This Is AuburnElectronic Theses and Dissertations

Prescribed Fire Effects on Soil Properties and Nutrient Dynamics in a Longleaf Pine Forested Wetland Watershed




Molina Serpas, Lidia

Type of Degree

Master's Thesis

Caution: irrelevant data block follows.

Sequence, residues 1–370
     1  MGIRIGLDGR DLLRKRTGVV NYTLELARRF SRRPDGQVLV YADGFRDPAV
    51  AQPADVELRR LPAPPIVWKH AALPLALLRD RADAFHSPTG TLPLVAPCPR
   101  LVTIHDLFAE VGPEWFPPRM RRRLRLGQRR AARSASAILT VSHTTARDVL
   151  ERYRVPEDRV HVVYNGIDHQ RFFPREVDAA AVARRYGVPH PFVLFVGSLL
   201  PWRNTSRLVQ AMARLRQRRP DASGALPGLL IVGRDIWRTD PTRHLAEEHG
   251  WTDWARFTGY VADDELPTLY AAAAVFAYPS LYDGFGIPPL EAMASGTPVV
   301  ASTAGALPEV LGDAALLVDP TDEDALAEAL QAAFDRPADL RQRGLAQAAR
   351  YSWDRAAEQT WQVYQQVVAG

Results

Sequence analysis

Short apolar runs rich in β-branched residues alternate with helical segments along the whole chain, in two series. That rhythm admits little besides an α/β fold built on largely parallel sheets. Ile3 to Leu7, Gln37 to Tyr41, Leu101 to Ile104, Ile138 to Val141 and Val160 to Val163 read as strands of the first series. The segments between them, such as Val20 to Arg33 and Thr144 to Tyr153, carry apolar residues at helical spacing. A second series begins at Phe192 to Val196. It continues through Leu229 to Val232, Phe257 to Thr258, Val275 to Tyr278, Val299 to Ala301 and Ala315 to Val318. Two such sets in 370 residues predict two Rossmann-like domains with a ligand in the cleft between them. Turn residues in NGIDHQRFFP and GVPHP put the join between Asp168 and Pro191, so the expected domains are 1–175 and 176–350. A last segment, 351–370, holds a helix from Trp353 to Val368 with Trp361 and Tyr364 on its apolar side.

In a geographically isolated wetland (GIW) area, located in Georgia, longleaf pine forests have been experiencing frequent rotational prescribed burning for more than 10 years. In general, because wetlands provide ecosystem services, such as sediment retention and nutrient storage, it is important to understand how fire can alter biogeochemical processes. Previous research has shown that prescribed fires can release nutrients, alter soil properties, and modify soil moisture dynamics. Prescribed fire effects to Longleaf pine forests have been documented in the Southeast, but few have investigated effects to forested GIWs. These studies generally focus on prescribed fire impacts to water quality. In comparison, this research studies the effects of prescribed fire on hydrological properties, soil properties, nutrient movement, as well as carbon and nitrogen isotopic ratios to further understand immediate (short-term) changes in surface and subsurface horizons as well as chronic (long-term) impacts along a low-relief hillslope where there is a transition from forest to wetland. The main objectives of this research were to: (1) document soil moisture alterations immediately after prescribe fire, in the surface horizon, (2) determine whether or not prescribed fire can increase vertical nutrient movement with depth in a soil profile over short time scales, and (3) identify the immediate and chronic effects prescribed fire will have on nutrient concentrations and carbon and nitrogen isotopic ratios in surface and subsurface soil horizons. Two forested GIW watersheds at the Jones Center at Ichauway, GA were selected for study. Both are managed with prescribed burns bi-annually, one burned during the study (immediate site) and one burned the year prior (chronic site). Sampling was conducted before the prescribed fire, after the prescribed fire, and after a large rain event. Two-way ANOVA analysis and unpaired t-tests show no significant short-term changes to hydrological properties, but shortly after the fire, hydrophobicity increased promptly after the fire in all sampling points but only remained high on the hillslope after the rain event contrary to the expected decrease in hydrophobicity with increasing soil moisture. There were no prominent effects to soil texture and bulk density immediately after the prescribed fire or after the rain event. There were observable temporal changes to nutrient concentrations in surface and subsurface horizons and we found a positive correlation existing post-fire. The expressed significant differences in the horizons and the higher nutrient levels found in the chronic site is potentially caused by the addition of ash into the system overtime. In our immediate site, there were nutrient (total C, P, Mg, K, Ca, and Mn) increases found along the wetland edge. Also after the large rain event, total Al and Fe concentrations increased in subsurface horizons at the immediate site suggesting a fire signature. There were no significant temporal changes to carbon and nitrogen isotopic signatures despite finding some enrichment. Overall, a prescribed fire may cause immediate effects to hydrological properties, but it can also lead to chronic impacts due to the observed alterations to soil properties and nutrient dynamics. This work shows that short-term and long-term effects are difficult to resolve and specific impacts to soil nutrient cycling requires more study.